A key stakeholder doesn’t just influence the success or failure of a business venture. Her approval is vital to the business’s success. Someone to whom you report on a regular basis is likely a key stakeholder. For instance, public companies have quarterly earnings calls that are accessible to all shareholders. However, often these calls are geared toward the board of directors and others who are key stakeholders in the organization, with shareholder accessibility used for transparency purposes.

What Do the Key Stakeholders in a Company Do?

Key stakeholders don’t just exist to be put on a list that you show to potential investors. They play a direct role in your business’s success. Some come into the office every day and work by your side to make sure your business is a success. Still, others serve in more of an advisory capacity, whether they pour their own money into your business or not. You may only see some of your key stakeholders a few times a year, but they may check in at any time to ask questions or request progress updates.

You’ll generally see key stakeholders sitting in on planning meetings. When an important decision needs to be made, they’ll either call in or show up in the conference room. If a crisis comes up, they’re the ones who summit to determine how to manage the situation best. While the many employees who work hard each day to support operations are essential, they won’t be seen as key stakeholders unless they’re the ones whose decisions determine the success or failure of a project.

Why Companies Need Key Stakeholders

Even one decision can make a difference in a business’s success, especially if a business is at a turning point. Key stakeholders are the ones who make those determinations. If an organization needs to change the way it processes applications, for instance, the key stakeholders will be in those early development meetings, explaining to the designated project leaders precisely how the new process should look. Although the project manager may work with other employees to get a feel for the work they do each day, the key stakeholders will be the ones who monitor progress and sign off for things to move forward.

As a business grows, it becomes more critical to have a leadership team in place who can make those decisions that drive things forward. Key stakeholders can convene to discuss ideas, then agree on the best course of action. Having a robust and capable leadership team lets a business’s customers and employees know that things are in good hands.

Are Customers Key Stakeholders?

Although customers don’t drive the overall direction of a business, they can serve as key stakeholders in a specific project. If you’ve developed a new product, for instance, you’ll likely keep customers in mind throughout the process. You may even consult the customers during development. As your project reaches completion, a subset of your customer base may be involved in testing and providing feedback on it.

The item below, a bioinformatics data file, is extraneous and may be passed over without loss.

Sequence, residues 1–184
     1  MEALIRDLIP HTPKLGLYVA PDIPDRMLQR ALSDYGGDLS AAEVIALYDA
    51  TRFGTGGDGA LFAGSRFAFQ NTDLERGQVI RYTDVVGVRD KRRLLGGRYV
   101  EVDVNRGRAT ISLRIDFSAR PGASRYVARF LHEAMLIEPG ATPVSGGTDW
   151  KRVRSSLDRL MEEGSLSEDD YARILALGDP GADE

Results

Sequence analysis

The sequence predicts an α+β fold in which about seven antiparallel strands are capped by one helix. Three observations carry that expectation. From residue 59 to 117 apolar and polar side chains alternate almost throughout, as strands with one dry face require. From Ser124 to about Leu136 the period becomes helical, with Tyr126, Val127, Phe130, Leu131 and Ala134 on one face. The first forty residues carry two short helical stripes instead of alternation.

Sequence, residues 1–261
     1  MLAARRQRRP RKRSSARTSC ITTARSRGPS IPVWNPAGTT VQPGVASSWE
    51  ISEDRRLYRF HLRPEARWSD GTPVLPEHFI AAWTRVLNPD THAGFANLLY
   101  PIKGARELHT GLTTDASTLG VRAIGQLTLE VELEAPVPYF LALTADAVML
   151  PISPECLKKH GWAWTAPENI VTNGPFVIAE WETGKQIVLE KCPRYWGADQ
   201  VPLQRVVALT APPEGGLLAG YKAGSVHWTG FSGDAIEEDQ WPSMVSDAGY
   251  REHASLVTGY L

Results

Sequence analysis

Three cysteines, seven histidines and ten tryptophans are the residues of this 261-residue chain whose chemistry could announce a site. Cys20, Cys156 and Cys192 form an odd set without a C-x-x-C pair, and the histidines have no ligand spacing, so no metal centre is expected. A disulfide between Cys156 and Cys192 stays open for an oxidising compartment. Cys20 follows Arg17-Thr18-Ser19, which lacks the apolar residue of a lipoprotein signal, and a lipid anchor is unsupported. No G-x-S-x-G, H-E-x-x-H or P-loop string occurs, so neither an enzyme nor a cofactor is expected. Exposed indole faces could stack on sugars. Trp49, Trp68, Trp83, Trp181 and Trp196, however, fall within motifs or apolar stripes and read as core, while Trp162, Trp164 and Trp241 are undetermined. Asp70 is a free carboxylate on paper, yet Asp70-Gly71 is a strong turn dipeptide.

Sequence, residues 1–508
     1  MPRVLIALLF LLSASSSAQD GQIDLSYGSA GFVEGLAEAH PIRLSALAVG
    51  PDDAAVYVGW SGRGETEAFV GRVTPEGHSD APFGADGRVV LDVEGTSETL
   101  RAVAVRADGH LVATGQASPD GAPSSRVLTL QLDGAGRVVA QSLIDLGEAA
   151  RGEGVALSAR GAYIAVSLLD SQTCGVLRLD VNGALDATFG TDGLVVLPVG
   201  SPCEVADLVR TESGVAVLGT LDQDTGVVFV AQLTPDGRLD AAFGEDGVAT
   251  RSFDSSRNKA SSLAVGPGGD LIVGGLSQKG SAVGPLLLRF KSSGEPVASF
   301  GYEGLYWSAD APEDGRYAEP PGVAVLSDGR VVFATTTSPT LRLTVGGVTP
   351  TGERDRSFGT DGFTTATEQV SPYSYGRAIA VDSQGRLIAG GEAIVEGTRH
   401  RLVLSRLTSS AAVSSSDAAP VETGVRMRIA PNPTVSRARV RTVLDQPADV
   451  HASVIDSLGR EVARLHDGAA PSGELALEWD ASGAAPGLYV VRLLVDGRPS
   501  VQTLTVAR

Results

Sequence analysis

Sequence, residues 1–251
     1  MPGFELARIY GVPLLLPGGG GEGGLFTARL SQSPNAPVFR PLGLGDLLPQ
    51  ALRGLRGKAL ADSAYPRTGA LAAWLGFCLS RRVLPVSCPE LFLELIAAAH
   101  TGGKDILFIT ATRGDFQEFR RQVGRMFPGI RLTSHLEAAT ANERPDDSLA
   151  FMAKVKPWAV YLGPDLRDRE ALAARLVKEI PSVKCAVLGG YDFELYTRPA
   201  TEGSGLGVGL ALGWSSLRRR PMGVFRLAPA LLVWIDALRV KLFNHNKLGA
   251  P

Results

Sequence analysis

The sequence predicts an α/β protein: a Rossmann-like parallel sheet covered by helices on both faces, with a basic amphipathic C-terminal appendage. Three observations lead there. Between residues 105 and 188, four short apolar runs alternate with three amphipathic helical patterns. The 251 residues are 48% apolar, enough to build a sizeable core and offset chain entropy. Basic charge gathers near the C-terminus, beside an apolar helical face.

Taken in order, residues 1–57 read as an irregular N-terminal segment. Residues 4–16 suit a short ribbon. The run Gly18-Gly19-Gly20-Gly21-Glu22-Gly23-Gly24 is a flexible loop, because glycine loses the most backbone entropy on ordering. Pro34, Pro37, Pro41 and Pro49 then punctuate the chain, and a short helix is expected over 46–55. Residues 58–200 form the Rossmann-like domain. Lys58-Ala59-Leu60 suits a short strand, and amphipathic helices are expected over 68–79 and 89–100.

Even if you don’t think of customers as key stakeholders in your overall business, that may change if for some reason you alienate some of them. A widespread protest of your business or even a surge of customer complaints can destroy your business’s reputation, forcing you to realign your priorities to win back customer trust. In the absence of controversy, you’ll probably find that customers don’t participate in the significant decisions your leadership team makes, even if you’re anticipating their reactions during the planning process.

Other Possible Stakeholders

Once your company goes public, you’ll consider shareholders a vital part of your operations. The investments they make in your company keep it operating. If something your business does alienates investors, they’ll speak using dollars and cents, driving your stock prices down, which makes them key stakeholders in your business. If you rely on legal counsel or a public relations professional for advice on a regular basis, they also become key stakeholders in your business.

On a secondary level, your competitors can become key stakeholders in your business, mainly if their response to your activities leads you to change direction. If you monitor their popularity with customers and adjust your tactics in response, they’re making a direct impact on how you run things. You may also find, to a lesser degree, that your industry as a whole is a key stakeholder since you’ll likely track trends and adjust your activities accordingly.

How Does a Company Keep Stakeholders Happy?

Sometimes it can feel as though keeping stakeholders happy is a losing battle. This is especially true if your leadership team is always at odds. But if you want your projects to succeed, you need to be able to show that their feedback matters. It may seem that keeping some of your key stakeholders out of the loop for a while will help move things forward; however, there are consequences to that. You might put months of work into a project, only to have it shot down when a few key stakeholders finally see what you’ve been up to and refuse to sign off on it.

In many instances, businesses find that keeping stakeholders happy means compromising. Stakeholders may not care that to get what they want; the project will take twice as long or cost double what you have budgeted for it. Instead of battling until things shut down completely, it can help to work with project managers to find a way to make stakeholders happy while still meeting all of your other goals.